PHILIP GORDON WYLIE - TYPED LETTER SIGNED 08/14/1949 - HFSID 18903
PHILIP WYLIE Although generally averse to giving autographs, he sends one to a fan who likes his books when the critics don't. Typed Letter signed: "Philip Wylie", 1 page, 7¼x10¼. Rushford, New York, 1949 August 14. On personal letterhead to "Dear Mr.
Sale Price $288.00
Although generally averse to giving autographs, he sends one to a fan who likes his books when the critics don't.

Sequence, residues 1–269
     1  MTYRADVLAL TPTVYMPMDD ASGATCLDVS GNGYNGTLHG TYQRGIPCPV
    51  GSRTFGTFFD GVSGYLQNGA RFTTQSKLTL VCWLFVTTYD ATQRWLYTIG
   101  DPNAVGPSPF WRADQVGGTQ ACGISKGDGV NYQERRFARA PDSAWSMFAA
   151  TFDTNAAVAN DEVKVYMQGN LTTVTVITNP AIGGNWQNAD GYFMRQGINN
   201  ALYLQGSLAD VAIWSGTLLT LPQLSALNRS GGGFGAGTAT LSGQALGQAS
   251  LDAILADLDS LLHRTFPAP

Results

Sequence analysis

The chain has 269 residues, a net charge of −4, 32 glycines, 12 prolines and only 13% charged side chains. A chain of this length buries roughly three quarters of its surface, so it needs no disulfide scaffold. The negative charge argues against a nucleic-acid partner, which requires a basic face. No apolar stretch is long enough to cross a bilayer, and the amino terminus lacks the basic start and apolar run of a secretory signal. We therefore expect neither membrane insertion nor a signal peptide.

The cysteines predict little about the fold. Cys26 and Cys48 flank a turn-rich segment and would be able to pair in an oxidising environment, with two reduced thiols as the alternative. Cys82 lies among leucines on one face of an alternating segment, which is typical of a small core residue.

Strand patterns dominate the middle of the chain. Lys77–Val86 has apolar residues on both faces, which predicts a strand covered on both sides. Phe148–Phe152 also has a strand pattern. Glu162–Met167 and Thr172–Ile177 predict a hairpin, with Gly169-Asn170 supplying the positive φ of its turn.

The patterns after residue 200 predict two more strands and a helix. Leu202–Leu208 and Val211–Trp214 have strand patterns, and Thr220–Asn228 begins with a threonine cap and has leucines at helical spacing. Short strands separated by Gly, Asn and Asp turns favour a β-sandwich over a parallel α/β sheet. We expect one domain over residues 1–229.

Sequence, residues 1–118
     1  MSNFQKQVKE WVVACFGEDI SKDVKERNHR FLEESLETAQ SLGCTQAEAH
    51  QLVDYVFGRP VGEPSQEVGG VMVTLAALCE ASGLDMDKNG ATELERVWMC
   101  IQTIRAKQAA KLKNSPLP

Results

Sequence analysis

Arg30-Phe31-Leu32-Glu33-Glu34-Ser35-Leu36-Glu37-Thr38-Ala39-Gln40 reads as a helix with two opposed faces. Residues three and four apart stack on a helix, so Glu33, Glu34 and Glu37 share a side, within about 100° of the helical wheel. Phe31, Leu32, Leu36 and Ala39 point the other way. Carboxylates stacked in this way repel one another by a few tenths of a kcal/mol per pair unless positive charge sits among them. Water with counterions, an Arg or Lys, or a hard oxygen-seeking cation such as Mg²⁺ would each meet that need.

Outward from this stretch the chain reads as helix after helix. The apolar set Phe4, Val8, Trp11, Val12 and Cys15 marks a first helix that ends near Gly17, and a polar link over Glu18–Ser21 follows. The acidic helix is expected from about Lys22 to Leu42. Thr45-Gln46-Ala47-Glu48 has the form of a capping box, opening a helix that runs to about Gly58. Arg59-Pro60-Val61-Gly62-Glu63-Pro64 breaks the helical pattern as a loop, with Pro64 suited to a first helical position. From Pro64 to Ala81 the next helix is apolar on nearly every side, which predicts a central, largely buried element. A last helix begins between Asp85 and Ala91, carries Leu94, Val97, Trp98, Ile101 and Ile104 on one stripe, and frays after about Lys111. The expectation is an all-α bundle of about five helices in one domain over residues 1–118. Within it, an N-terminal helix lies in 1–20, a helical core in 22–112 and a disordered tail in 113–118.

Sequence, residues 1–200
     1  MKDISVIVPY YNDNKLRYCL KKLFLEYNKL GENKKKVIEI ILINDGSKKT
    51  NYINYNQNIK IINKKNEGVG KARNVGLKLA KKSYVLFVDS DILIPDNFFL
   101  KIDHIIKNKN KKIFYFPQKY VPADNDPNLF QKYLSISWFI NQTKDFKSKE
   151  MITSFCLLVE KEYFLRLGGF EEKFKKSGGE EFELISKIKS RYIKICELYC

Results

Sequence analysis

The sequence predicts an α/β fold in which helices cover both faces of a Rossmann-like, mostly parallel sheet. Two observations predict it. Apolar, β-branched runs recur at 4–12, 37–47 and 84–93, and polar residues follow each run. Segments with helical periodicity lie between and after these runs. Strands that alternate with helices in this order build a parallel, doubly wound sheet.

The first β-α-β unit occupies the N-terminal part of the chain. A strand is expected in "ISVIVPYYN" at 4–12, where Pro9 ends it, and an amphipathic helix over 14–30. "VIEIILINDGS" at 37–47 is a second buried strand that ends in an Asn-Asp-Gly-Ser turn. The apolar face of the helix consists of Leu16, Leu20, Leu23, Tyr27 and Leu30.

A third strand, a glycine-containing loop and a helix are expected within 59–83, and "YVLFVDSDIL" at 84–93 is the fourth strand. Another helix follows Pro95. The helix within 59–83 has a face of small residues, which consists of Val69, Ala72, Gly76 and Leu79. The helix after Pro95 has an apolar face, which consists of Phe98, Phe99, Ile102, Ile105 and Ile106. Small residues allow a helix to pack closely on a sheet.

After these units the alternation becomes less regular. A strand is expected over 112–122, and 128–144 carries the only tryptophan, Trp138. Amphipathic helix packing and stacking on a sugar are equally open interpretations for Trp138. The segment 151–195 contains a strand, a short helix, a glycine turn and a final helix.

Typed Letter signed: "Philip Wylie", 1 page, 7¼x10¼. Rushford, New York, 1949 August 14. On personal letterhead to "Dear Mr. Seward", in full: "Your letter confronts me with what are, for me, several dilemmas. In the first place, I have publicly inveighed against autographs; some of the books I like I have had signed by their authors - and it was the nasty habit of passing old envelopes down banquet tables or of accosting people with multi-colored pads to which I had reference - but the particular could be mistaken for the general. In the second place, although you may find it hard to believe, I do not have here in the country a copy of Opus 21. I had two - and gave them both away. So there is no immediate response I could make. Finally, my publisher ships from Scranton, a procedure which saves him money but takes time. Were I to order through him, weeks would pass before a copy arrived here and by that time, such is the confused abundance of my mail and such is my own disinclination to give it machine-age attention, I would probably have lost your letter in a moraine of other mail; indeed, in my Florida home I have a good dozen books sent for autograph by whom I know longer wist. Let us unitedly hope that this objective unreliability is the compensation for subjective exactitude and dependability. Yet what author, appreciated so much in such a discerning and eminent place, and especially while undergoing what he regards as the massive incomprehension of professional critics, would fail to try to thank his benefactor in some fashion? Would this note, attached with Dupont's best glue, suffice for lack of a better competence? You have encouraged me. I feel, up to now, that my extravaganzas have done only a little of what I could and ought to do. And to such hopeful ends my time is devoted. I hope, some day, to write for all who understand what I've attempted, some unequivocal essays and novels that will justify such praise as you've given me. Thanks. Sincerely". Philip Gordon Wylie (1902-1971) was a prolific author of fiction and nonfiction. His fiction ranged from mysteries to apocalyptic science fiction; his nonfiction anticipated much later discussion of topics like ecology and gender roles. Nine of his stories were made into films, including When Worlds Collide (1933 book, 1951 film). His dystopias included Triumph (1963), set in the aftermath of a nuclear war; and The End of the Dream (1972), which posited an environmental collapse. Multiple mailing folds. Fine condition.
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